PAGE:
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philosophical clergyman himself, with all his boasted wisdom is carried away from the central point of bliss by the same pride, the same impulse. To no purpose does he barangue, or sermonize on the fluctuation of all things, and on the excellency of moral rectitude, while his conduct is at variance with his eloquence. His supercilious physiognomy, his powdered hair, the gold ring on his finger, his sacerdotal robes of silk and cambrick, demonstrate that he infringes the rights of God in a compendious way, merely because he puts himself in his place. When such men, with all their self-consequence and pride, are exhibit. ed as a pattern for our youth, who are imitative animals, what can we expect, but wretchedness and misery? The fact is, a grateful sense of an omnipresent Deity, will change a cottage to a pa. lace: and the want of it, will metamor. phose even a superb church to a prison.

When a man thinks of nothing but his own aggrandizement, he puts himself in the place of God. In vain do such men make bulwarks around them, of the gifts of fortune ; when a senti: ment of the Deity is excluded from the heart of man, misery takes possession of it; he sinks into despair, and often closes the scene by suicide ! And is not his dreadful end a just re-action of Providence? without any manner of doubt. When the inconceivable benefactions of Jehovah, with which this man was crowned, his wealth, his servants, bis horses and his hounds, his health of body, his vigour of mind, the knowledge he bad of his obligations to God, who by his divine Spirit was continually entreating him, to learn from the divine kindness to him, to be also kind to the miserable-I say, when these mercies are contrasted with his ingratitude to God, and cruelty to his fellow-men, we cannot wonder at his unhappy end. He is the author of his own misery, and God remains impartial, just and good.

I know a man who professes mucb religion, and belongs to a very religi-: ous society, who is worth at least 150,000 dollars, and in the decline of

life; yet I would sooner entreat the vilest sinner in behalf of the poor, than this man; he can behold misery at bis very door, without shedding a tear, or giving a cent. This man has got but one child, a young lad, who has received a finished education, as it is called, and is brought up in all the gaiety of fashionable life. Was this abundant wealth appropriated to bene. volent purposes, and only an annuity of 500 dollars per annum, reserved for the maintenance of the son, how much good might be done with the overplus ! It would be a comfort to the father in his dying moments, to reflect that he provided plentifully for his child, and at the same time remembered God, bis poor, and the prosperity of Zion; but the best of all, this superfluous wealth would not (which without a miracle it will) be the means to convey the wretch: ed son to the prison of eternal death. Now if this man meets a just re-action of Providence, surely it is his own fault: God is not impeachable for his delinquency, or the punishment of it. I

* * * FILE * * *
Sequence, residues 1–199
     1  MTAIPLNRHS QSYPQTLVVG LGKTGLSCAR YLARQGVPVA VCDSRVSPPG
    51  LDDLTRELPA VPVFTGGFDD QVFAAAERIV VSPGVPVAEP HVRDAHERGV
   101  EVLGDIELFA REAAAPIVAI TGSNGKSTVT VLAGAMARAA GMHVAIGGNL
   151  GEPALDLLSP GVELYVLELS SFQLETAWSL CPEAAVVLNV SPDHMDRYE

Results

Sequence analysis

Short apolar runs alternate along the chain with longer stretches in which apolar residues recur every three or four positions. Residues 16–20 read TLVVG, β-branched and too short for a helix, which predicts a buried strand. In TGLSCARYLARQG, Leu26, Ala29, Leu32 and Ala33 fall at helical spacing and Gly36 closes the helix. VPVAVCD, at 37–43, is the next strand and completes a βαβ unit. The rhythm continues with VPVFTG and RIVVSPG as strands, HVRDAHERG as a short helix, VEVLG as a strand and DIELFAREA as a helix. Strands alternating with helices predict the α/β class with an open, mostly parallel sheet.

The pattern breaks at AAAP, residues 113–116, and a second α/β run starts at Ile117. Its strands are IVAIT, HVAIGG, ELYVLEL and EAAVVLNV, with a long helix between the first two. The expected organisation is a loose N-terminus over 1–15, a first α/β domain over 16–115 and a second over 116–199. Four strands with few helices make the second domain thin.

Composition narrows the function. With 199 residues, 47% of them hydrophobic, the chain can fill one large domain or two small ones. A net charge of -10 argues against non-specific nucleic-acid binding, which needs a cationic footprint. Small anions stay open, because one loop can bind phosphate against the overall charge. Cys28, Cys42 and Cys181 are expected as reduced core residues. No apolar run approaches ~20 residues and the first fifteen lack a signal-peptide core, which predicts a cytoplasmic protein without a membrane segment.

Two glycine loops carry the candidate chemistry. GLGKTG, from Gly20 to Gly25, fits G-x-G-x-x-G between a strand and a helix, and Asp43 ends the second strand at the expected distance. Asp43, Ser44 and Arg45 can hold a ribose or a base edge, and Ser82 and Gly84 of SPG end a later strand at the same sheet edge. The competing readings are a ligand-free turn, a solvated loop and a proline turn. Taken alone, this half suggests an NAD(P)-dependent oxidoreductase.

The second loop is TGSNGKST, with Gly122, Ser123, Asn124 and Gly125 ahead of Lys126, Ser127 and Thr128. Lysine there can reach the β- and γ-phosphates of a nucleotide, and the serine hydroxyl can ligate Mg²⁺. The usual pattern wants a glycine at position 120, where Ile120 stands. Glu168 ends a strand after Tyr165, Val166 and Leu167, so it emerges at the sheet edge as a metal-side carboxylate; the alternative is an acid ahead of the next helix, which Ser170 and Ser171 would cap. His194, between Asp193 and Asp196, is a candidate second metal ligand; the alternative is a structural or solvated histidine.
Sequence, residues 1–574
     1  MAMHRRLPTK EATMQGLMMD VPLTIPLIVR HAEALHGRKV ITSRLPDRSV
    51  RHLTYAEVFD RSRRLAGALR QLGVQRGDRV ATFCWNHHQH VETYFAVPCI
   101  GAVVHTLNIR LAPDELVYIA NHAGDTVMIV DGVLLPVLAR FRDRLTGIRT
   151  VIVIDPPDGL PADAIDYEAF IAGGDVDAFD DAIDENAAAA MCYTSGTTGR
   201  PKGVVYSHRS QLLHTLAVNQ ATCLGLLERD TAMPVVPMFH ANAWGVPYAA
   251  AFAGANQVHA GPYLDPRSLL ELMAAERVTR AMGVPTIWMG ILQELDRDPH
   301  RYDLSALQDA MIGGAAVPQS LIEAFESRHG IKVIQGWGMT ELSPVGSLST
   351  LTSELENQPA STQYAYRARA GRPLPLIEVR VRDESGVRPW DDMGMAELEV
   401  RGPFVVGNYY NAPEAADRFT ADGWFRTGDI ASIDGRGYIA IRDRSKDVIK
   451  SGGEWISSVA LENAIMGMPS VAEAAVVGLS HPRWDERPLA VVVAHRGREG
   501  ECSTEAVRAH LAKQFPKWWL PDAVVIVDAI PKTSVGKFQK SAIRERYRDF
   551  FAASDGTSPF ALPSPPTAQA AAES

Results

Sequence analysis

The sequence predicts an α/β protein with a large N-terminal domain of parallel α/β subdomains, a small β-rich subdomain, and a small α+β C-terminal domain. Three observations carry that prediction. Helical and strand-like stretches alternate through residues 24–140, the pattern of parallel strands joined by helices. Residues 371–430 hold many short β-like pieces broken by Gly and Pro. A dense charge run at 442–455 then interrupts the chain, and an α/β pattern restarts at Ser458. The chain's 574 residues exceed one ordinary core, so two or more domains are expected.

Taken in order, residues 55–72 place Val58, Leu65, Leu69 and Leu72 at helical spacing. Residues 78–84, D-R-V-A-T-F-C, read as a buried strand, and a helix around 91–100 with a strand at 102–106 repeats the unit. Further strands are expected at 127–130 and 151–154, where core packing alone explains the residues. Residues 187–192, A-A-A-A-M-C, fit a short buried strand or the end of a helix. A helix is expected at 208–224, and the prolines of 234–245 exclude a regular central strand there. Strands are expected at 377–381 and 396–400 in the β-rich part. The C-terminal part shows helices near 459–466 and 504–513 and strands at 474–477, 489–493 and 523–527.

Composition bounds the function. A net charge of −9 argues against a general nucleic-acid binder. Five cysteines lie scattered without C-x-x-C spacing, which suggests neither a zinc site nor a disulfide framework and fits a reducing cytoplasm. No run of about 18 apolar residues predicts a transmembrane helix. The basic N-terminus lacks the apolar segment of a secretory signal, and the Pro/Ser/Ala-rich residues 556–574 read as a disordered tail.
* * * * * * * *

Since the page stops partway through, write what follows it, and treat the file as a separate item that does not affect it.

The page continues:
could point out many characters* of a similar cast, but alas! it will answer no purpose. As well might I attempt to prevail upon a hungry lion to relin quish his mangled prey, as to induce them to distribute their superfluous wealth.

Ah! paradise is even on earth, for the delight of such wealthy . men, to whom God has given the power of do. ing much good, if they would but improve the blessed opportunity, as they will most assuredly wish they had done when they find sickness seize, medicine fail, and the icy arms of death encircling them. I must confess, that the parsimonious and tyrannical conduct of some distinguished

• I know an eloquent preacher belonging to a very religious society, an excellent man in many respects, who possesses a handsome paternal fortune and many thousands of dollars beside ; yet there is not a preacher belonging to his professional denomination, more penurious than he, although a majority of them are very poor : This man is a bachelor, and has no fami. ly, and no relation, but a very rich brother. Surely his keeping the eyes of the blind, and the feet of the lame locked up in his coffers is a stumbling-block to his hearers! A hint to the wise I hope will suffice.

professors of religion, has been a stum. bling block to me. I associated with them, with a view of putting myself under the protection of virtue, because I found the word religion continually, in their mouths; but because I would not be a dependent partizan, I was calumniated : however, their oppression and calumny has cured me of my bigotry, and sectarian predilections ; their disorders, of which I have been the victim, have inspired me, with the love of order; and their defects have taught me to take my eyes from man, and to look only to God for relief, for reşt, for refuge. But I yet love and forgive them from my heart, because I also have had much forgiven; and only lament, that the arbitrary few, in either church or state, should have the power to oppress and persecute, the comparatively innocent many. Here I intend my animadversions relative to them shall cease; and I hope they will not be considered acrimonious, when my sufferings, privations, and losses, are remembered with my services..

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